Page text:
Towards a Digital Architecture
After many hours of drawing, followed by construction, the end result of architecture is a beautifully built space. Yet, how do you test and ensure the successful outcome of a space without spending endless hours and resources?
The first image that comes to mind is a photo of a traditional architect carefully inspecting a model. A model that shows volumes, relationships of spaces next to each other, and openings and their alignments. This is clear proof of the architectural vision.
Louis Kahn and Jonas Salk with model of the City Tower at at Cornell University, date: February 1958.
Now that the modern design process and production has shifted toward computer drawings, the task of many drafts-men and women can be done by just a few people. The architectural model became digital. Building information modeling (BIM) allows architects and designers to tie together models and drawings. As we build the model, we generate drawings which further helps us to coordinate the location of windows, doors, outlets, and other equipment in plans and elevations.
Frank Lloyd Wright. H. C. Price Company Tower, Bartlesville, OK. 1952–56. Apprentices working on the model in the Taliesin drafting room, Spring Green, Winsconsin, c. 1952. The Frank Lloyd Wright Foundation Archives (The Museum of Modern Art | Avery Architectural & Fine Arts Library, Columbia University, New York).
“Axon Framework” Revit generated exploded axon drawing.
In particular, Revit (a BIM software) allows us to apply materials and finishes onto architectural surfaces, as well as furniture. Revit has the capability to simulate light on surfaces and finishes, based on manufacturer specifications and, as a result, produces accurately rendered images.
Architecture now has an entire industry dedicated to specialized renderings.
The ability to modify finishes and renderings helps architects compare different design options. Quick 3D line drawings help clients better understand projects in the early stages of design.
To continue design development, more expressive drawings can be produced that have characteristics of both hand and computer generated images. This is my personal favorite, as it provides enough information about space, finishes and overall atmosphere, but leaves room for your mind to wonder. Often, when the computer generated image is not completely photorealistic, your eye is drawn to flaws and imperfections. This can distract the viewer, and make it difficult to focus on the overall image.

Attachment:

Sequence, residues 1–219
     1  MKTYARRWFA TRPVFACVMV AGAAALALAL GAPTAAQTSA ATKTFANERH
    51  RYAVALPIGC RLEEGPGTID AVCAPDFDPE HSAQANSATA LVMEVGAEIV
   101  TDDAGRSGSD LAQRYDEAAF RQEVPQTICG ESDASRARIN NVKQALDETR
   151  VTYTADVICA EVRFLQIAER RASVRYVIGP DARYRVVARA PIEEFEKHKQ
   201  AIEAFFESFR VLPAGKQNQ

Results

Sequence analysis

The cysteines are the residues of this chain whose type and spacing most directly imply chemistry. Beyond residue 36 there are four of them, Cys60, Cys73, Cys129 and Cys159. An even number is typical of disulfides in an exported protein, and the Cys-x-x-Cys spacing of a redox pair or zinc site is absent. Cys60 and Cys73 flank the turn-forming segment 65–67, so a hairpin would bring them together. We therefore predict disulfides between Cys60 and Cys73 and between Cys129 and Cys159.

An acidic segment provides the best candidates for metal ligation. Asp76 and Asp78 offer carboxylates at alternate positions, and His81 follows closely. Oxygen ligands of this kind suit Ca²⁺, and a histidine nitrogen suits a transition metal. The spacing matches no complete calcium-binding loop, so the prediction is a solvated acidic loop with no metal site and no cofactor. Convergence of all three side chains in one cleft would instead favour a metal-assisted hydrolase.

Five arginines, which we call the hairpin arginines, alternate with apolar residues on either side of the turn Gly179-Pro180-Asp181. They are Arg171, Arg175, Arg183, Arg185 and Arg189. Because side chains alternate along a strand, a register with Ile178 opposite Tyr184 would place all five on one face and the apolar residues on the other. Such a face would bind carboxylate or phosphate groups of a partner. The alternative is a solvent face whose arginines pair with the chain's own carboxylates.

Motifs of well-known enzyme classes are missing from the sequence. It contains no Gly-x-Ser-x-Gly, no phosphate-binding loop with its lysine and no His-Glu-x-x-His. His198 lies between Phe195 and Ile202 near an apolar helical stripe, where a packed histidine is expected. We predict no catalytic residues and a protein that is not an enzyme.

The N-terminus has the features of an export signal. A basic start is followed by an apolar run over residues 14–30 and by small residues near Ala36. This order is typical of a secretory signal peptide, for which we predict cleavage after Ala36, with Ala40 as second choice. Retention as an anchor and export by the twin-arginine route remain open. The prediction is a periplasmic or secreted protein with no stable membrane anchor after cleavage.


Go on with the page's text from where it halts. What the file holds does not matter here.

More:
My attempt with this image was to fade the rendering to a line drawing to create a “fisheye” view. As the viewer’s eye moves from left to right, the viewer moves from one space into another, emphasizing the idea of two spaces being connected with a view.
The final and photorealistic images get created towards the later stages of design. Major design decisions have been made and these images are very close to what gets built.
As technology advances, 360 degree panoramas and videos enter the world of architecture. Revit can render 360 degree stereoscopic views, helping you experience the space with your smartphone and Google cardboard or Samsung Gear.
Progress in virtual reality (VR) opens the door for game developer artists to enter the architecture visualization field. Now photorealistic videos and walkthroughs are becoming a part of architectural presentations.
Using Unreal Engine or Unity, artists are able to produce interactive VR experiences, where clients can walk around the space, interact with lighting and other major architectural features. This technology will be more and more available to architects, especially in the form of plugins for software, and will be utilized on a daily basis.
From my point of view, this will benefit architects and designers as it will allow them to test and experience the space, make changes and test again, rather than speculate about the best possible solution.